Reading a book on paper? Information not found on a phone or a tablet or a computer?
It may seem like a quaint notion to some, considering the use of e-books and other digital materials in colleges is growing in popularity. A 2014 article in the Chronicle of Higher Education’s annual almanac reported that 63% of colleges reported using e-textbooks, according to Educause Review, while another 27% of schools plan to use them down the road.
But research has shown that our brains may prefer to absorb information the old-fashioned way. Whether it’s taking notes longhand or writing down appointments on paper planners, an area of the brain is stimulated that tends to bring clarity to what we’re focusing on.
Several studies back this up, according to an article in Fast Company. One by a professor at the University of Stavanger in Norway had subjects read a short mystery; half read using an Amazon Kindle, while the other half read a printed copy. Afterward, those who read the mystery on paper gave more accurate responses to questions about the plot, as well as sort events described in order.
The “whys” are still being studied, but it’s thought to involve “metacomprehension,” or how in touch we are with our own understanding.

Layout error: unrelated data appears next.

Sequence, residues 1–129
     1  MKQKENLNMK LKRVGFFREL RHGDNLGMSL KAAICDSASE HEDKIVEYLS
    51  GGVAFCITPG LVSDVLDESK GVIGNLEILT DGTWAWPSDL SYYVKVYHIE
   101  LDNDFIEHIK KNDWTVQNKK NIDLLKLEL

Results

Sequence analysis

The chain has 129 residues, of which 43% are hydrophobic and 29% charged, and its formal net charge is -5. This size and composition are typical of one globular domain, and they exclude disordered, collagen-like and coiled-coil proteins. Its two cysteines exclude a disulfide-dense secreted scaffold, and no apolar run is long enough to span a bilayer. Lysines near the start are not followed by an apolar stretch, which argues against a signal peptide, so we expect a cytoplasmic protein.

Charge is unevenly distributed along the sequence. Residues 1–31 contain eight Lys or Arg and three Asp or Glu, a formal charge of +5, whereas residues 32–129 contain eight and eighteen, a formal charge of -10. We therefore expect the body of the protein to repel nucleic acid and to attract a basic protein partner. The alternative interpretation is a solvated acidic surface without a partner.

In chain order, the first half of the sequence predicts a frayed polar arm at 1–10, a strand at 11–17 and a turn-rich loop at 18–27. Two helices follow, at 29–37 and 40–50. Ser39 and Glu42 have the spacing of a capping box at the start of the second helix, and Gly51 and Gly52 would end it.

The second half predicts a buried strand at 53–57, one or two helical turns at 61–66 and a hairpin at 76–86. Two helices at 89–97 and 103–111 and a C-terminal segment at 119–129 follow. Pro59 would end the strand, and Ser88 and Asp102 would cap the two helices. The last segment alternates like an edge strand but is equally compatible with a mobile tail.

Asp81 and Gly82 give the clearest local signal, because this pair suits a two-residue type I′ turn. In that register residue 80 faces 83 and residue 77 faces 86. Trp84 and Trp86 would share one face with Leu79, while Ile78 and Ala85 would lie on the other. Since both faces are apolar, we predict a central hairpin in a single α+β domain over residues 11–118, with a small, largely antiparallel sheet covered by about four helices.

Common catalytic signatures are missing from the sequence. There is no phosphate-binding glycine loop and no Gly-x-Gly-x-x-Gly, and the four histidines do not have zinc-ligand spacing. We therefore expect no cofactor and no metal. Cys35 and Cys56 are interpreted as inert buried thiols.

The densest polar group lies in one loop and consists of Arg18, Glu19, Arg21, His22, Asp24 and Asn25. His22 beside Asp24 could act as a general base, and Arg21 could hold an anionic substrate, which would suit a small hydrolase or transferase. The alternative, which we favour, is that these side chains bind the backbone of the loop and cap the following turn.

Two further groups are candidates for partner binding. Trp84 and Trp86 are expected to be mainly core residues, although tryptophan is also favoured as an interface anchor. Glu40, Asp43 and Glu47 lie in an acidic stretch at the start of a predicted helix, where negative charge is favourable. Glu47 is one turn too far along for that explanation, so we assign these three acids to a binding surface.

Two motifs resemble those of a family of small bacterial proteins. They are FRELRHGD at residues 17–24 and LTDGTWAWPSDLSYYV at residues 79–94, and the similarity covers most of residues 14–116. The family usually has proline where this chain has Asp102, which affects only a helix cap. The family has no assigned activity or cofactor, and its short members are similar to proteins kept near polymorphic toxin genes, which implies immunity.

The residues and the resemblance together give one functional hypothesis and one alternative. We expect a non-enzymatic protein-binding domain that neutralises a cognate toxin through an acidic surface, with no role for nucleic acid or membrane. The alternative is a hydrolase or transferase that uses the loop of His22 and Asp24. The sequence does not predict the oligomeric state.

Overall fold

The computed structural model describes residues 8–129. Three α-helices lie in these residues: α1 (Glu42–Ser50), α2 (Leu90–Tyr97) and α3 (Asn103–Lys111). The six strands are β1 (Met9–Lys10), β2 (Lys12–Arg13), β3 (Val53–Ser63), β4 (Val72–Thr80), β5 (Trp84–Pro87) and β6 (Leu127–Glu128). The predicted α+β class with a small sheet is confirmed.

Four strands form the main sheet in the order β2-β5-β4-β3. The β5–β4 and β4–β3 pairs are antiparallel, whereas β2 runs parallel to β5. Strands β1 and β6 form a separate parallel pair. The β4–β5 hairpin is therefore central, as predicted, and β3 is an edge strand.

There’s a tactile experience associated with reading on paper that encourages a learning focus, as an article in Scientific American points out. The topography is more obvious, with left and right pages as defined domains with a tangible thickness.
Digital books, on the other hand, don’t offer such landmarks for readers, as the material is presented as a stream of words. Even with page numbers, headers and illustrations, only a single virtual page is displayed.
Research at Sweden’s Karlstad University uncovered some drawbacks to digital reading. One study found people who took a standardized reading comprehension exam on a computer scoring lower and reporting greater stress and tiredness than taking a paper version of the same exam, according to the Scientific American article. The belief is that screen-based reading may be physically and mentally taxing. Digital devices reflect light directly on our faces, which tires our eyes. Other factors like the model of the device, glare and pixilation can have an effect as well, even though new technology tries to replicate the experience of reading on paper.
Interestingly, a study of college students in the U.S., Slovakia, Japan and Germany found that 92% of students prefer reading pages over pixels, according to a Los Angeles Times article. From the perspective of better learning, retention and productivity, reading preferences may be worth monitoring.